He also recommended using Google suggest for relevant topics and questions people are regularly searching. Scrolling to the bottom of Google’s results will also show related searches, which can offer more ideas.
Arnie explained the “hub and spoke” content model they use at his company Vertical Measures. The general process for this model is to create a core piece of “hub” content (eBook, WhitePaper, Case Study, etc.) and make it gated. Then, you roll out “spokes” (webinars, blog posts, podcasts, etc.) that all tie into and lead back to the hub. Arnie explained that this is a continuous process that Vertical Measures typically launches about every 90 days.
Kaizen-Style Link Building – Jon Cooper of Point Blank SEO
Main Concept: Using the Kaizen philosophy to methodically improve your link building.
Jon Cooper’s presentation was all about applying the Kaizen philosophy to link building, to improve efficacy and success. Jon explained that modern link building is about one to one outreach with real people. And you must constantly be measuring your results, and using this data to steadily get better and more efficient over time.
- Most critical thing to measure in link building is time
- Use data and research to determine which tasks can be automated
- Cost per link is the human input of time that went into the link
- Track reasons for rejection and learn from them
Jon’s presentation slides can be found here:
How do you measure? You must measure and record your efforts to KNOW what is working and what is not. #SearchFest @PointBlankSEO— Casey Markee (@MediaWyse) March 10, 2016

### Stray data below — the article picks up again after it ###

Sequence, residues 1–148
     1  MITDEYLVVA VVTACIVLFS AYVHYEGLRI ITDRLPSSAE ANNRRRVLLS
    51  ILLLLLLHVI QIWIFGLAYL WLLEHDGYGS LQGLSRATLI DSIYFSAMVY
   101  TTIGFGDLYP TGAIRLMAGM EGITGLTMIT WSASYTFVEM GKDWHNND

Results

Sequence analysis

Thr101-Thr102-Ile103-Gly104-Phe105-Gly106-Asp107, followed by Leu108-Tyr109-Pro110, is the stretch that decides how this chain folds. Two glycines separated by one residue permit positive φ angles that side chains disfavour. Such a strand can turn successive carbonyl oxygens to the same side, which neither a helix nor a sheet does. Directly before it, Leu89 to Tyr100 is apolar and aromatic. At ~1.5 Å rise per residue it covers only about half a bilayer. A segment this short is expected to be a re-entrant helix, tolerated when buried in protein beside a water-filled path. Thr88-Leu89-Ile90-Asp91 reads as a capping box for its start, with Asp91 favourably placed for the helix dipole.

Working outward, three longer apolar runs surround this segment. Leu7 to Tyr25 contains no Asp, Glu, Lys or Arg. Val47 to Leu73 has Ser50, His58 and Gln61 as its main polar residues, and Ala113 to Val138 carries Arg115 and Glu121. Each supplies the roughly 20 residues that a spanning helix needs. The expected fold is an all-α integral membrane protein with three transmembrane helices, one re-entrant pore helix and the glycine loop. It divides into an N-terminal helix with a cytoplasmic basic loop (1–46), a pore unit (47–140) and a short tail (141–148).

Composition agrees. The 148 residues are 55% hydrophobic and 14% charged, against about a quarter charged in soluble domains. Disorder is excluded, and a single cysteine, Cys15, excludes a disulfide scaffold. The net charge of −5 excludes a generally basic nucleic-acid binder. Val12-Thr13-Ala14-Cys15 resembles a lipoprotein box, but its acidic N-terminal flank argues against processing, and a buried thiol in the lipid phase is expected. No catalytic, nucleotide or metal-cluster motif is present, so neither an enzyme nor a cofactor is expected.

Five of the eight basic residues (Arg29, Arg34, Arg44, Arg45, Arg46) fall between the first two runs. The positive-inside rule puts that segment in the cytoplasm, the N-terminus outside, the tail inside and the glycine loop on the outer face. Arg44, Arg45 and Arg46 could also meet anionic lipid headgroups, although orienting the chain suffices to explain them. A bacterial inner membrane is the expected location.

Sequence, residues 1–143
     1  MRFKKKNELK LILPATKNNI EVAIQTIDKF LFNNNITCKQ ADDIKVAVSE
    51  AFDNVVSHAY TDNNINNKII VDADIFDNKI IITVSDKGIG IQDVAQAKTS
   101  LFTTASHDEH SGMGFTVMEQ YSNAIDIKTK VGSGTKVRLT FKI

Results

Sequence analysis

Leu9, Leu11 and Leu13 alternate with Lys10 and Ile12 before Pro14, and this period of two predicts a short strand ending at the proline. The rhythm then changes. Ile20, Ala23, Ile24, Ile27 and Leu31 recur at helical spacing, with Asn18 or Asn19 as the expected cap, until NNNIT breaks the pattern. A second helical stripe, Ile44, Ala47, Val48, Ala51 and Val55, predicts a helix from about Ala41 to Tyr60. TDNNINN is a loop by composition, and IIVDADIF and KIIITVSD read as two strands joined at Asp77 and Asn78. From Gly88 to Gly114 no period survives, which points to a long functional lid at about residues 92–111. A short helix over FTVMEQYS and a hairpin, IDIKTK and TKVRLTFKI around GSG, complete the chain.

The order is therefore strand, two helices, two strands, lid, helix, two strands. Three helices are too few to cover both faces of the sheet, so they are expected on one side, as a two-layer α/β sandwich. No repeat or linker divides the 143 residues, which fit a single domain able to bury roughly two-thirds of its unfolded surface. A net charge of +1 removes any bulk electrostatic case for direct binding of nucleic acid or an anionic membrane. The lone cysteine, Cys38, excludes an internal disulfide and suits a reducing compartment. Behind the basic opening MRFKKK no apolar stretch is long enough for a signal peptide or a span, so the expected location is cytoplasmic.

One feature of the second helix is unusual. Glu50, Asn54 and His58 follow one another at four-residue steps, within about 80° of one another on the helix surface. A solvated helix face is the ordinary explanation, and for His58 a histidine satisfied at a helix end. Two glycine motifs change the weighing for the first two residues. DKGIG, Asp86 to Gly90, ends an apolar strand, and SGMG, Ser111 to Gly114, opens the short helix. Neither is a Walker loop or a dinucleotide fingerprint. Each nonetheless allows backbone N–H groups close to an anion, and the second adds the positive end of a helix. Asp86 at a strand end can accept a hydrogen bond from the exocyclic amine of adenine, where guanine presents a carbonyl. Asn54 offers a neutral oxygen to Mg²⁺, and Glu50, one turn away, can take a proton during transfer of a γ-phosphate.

This allows you to slowly tick off each box and figure out what’s really going on within a link project.
Jon highlighted three critical aspects worth measuring within link building:
- Prospecting success
- Outreach success
Some tips for outreach included using an email validator to avoid emails bouncing, using social proof by referencing other authorities that have linked, and mirroring the prospect’s language.
Also, Jon shared that his team has experienced more success when reaching out to prospects right after they’ve linked to a competitor.
#SearchFest @PointBlankSEO Link Building Tip: Reach out to prospects RIGHT after they've linked to competitor - 50% better conversion rate— Tim Lavelle (@tlavelle) March 10, 2016
He also suggested tracking the reasons you get rejected or are unsuccessful. These situations present opportunities to learn and improve your process.
Jon suggested a number of great tools during his session, including:
- Harvest - time tracking
- BuzzStream (for bigger teams) – outreach platform
- Pitchbox (for smaller teams) – outreach platform
- URL Profiler – provides link metrics